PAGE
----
Just one day after the European Central Bank announced an end to its quantitative easing programme, the latest flash PMI survey data indicated the slowest rate of Eurozone business growth in over four years, highlighting increased downside risks the economy.
The headline IHS Markit Eurozone Composite PMI® fell from 52.7 in November to 51.3 in December, its lowest since November 2014, according to the flash reading (which is based on approximately 85% of usual monthly replies).
The survey indicated only very modest output growth, in turn, reflecting a near-stalling of growth in new work. This reduced inflow of new business meant firms often resort to eating into backorders to support current activity, causing backlogs of work to fall for the first time in almost three years. Output and jobs growth could therefore weaken further in coming months unless demand revives quickly. Hiring has in fact already come under pressure as the weakening order book situation often prompted greater caution in taking on new staff in December. The latest monthly job gain was the smallest for two years.
Comparisons with official data suggest that GDP growth in the fourth quarter as a whole is indicated at close to 0.3%, but the survey points to quarterly GDP growth momentum slipping closer to 0.1% in December alone.
'Yellow vests' add to list of worries
While some of the slowdown reflected disruptions to business and travel arising from the 'yellow vest' protests in France - where business activity fell for the first time in two-and-a-half years - the weaker picture reflects growing evidence that the underlying rate of economic growth has slowed across the euro area as a whole.
In Germany, output grew at the slowest rate for four years, while elsewhere the rate of output growth deteriorated to the weakest for just over five years.
The survey's anecdotal evidence reveals that companies are worried about the global economic and political climate, with trade wars and Brexit adding to increased political tensions within the euro area. The surveys also point to further signs that the struggling autos sector continued to act as a drag on growth.
Manufacturing growth consequently remained particularly weak. Although factory output growth picked up slightly, producers nonetheless reported the second-smallest increase for four years. With goods orders falling for a third successive month, and dropping at the steepest rate for four years, alongside factory optimism sliding to a six-year low, the forward-looking indicators suggest the production trend could weaken again.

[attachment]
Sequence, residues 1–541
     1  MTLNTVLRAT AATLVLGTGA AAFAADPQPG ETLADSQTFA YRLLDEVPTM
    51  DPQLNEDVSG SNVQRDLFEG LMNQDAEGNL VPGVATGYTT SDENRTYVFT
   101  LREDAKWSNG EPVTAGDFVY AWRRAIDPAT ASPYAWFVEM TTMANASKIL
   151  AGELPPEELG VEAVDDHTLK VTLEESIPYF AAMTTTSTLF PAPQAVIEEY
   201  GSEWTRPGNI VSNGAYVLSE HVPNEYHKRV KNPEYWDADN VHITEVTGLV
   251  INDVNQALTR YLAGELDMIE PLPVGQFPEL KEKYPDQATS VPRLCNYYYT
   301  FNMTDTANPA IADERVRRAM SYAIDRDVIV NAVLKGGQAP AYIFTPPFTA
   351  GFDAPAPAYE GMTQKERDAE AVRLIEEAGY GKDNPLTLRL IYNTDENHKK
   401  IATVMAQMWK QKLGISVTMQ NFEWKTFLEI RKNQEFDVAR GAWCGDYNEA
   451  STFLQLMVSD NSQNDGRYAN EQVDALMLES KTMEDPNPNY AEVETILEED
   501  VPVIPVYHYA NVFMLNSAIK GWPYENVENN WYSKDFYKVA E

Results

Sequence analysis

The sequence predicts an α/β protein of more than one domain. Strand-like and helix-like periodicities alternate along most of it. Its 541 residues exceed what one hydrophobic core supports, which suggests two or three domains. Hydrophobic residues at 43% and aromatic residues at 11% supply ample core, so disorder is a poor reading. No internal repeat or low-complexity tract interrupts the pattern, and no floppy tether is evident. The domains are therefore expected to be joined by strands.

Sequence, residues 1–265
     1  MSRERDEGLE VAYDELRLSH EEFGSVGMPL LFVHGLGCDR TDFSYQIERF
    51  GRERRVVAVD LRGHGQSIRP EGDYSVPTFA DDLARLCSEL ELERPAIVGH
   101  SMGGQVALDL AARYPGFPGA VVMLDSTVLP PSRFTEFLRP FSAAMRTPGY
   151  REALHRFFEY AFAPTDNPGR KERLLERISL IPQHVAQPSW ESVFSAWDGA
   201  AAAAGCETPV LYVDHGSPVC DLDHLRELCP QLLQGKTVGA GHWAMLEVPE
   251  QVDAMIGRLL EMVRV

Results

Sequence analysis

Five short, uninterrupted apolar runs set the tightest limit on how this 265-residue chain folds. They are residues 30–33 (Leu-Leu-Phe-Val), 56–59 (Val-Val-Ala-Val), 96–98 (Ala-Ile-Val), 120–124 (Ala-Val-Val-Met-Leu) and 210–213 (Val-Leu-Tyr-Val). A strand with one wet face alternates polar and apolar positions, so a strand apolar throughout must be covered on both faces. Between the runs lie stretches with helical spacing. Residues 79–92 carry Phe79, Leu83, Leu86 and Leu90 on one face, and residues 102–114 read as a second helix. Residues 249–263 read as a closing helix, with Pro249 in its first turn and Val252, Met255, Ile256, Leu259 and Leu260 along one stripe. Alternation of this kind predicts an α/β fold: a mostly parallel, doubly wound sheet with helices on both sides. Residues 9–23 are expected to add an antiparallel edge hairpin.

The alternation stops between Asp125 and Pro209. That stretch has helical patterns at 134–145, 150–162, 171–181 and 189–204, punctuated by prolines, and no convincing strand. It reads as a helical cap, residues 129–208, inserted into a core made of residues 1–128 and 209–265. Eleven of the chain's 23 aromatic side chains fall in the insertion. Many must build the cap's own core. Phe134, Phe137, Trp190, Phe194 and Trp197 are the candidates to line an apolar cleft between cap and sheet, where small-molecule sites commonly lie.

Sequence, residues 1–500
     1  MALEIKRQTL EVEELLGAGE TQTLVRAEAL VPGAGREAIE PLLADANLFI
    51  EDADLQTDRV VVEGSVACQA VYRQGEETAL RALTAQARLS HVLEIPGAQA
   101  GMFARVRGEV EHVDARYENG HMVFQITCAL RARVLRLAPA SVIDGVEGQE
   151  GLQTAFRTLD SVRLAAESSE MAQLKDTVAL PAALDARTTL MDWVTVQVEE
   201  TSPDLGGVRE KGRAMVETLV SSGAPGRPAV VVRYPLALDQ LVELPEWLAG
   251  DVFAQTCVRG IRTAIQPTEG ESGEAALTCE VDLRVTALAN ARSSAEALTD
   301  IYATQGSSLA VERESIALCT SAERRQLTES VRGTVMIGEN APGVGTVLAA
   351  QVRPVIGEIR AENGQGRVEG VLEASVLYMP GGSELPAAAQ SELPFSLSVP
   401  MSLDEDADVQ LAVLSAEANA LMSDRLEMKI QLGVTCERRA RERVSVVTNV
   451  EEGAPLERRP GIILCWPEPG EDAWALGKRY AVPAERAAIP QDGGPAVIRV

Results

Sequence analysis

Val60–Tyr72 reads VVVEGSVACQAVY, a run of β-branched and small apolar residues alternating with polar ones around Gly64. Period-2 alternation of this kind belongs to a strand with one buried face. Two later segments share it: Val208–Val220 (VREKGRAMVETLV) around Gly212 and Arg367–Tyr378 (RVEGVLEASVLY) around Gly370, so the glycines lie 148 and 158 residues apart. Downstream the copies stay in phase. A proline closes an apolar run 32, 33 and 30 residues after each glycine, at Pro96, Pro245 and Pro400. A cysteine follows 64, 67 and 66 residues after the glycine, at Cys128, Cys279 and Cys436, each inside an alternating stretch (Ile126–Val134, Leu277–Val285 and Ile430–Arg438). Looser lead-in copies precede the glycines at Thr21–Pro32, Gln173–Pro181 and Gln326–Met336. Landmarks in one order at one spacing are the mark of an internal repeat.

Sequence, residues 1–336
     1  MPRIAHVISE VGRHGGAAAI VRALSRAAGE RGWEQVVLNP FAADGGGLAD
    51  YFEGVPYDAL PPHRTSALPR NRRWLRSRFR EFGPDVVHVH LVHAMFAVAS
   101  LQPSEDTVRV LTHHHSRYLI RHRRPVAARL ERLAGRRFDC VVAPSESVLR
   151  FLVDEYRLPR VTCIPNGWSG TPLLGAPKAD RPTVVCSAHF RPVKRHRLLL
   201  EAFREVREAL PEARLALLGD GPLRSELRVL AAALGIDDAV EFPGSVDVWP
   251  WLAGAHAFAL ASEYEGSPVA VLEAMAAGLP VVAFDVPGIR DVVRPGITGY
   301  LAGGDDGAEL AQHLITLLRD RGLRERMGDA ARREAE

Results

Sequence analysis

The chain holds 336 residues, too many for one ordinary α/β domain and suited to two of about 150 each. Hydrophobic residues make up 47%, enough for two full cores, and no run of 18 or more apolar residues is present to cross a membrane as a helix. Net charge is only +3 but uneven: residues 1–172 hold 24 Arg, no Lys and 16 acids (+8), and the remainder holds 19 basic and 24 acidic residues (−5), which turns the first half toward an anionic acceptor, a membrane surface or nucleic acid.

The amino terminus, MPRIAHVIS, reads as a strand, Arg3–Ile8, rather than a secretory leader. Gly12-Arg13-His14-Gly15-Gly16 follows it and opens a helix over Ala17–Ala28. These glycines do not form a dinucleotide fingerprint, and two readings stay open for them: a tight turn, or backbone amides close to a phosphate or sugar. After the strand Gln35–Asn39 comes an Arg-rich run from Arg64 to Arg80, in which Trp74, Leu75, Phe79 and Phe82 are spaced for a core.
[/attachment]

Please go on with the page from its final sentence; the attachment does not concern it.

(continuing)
As such, the survey data suggest that the official production data could slip into decline as move into 2019. Unlike the last three downturns signalled by Eurostat, the current downturn could prove more protracted (see chart).
Growth meanwhile slowed sharply in the service sector to the weakest since November 2014, albeit remaining slightly above that of manufacturing. Service sector new business and future expectations also slipped to four-year lows.
Weaker price pressures
The survey also brought signs that reduced oil prices are feeding through to lower inflation. Cost pressures remained elevated overall, but eased to the weakest since September 2017. Cost growth was alleviated by lower oil and other commodity prices, as well as fewer supply constraints relative to demand in much of the region (the incidence of supply chain delays was the lowest for two years), France being a notable exception.
Output price inflation also cooled to the lowest since September of last year, though remained far stronger in Germany than in France or the rest of the region as a whole.
ECB withdrawing stimulus
The disappointing survey data came just one day after the ECB announced it would halt its asset purchases, currently running at €15 billion per month, in December. The economic slowdown has clearly come at a difficult time for the bank, which earlier in the year had clearly laid out its strategy of reining-in its stimulus.
Comparisons of PMI price and output data against historical ECB decisions indicate that the survey data have moved into territory more aligned with policy stimulus rather than tighter policy. The model we have developed sends a 10% probability of a rate cut against just a 1% probability of tighter policy.
ECB head Mario Draghi has at least now acknowledged that the balance of risks to growth has moved to the downside, and downgraded growth projections for both 2018 and 2019, albeit still expecting to see a 1.7% expansion in 2019 after 1.9% growth in 2018. Such a view may soon seem optimistic unless the data pull higher at the start of 2019. IHS Markit is currently forecasting GDP growth of just 1.4% in 2019.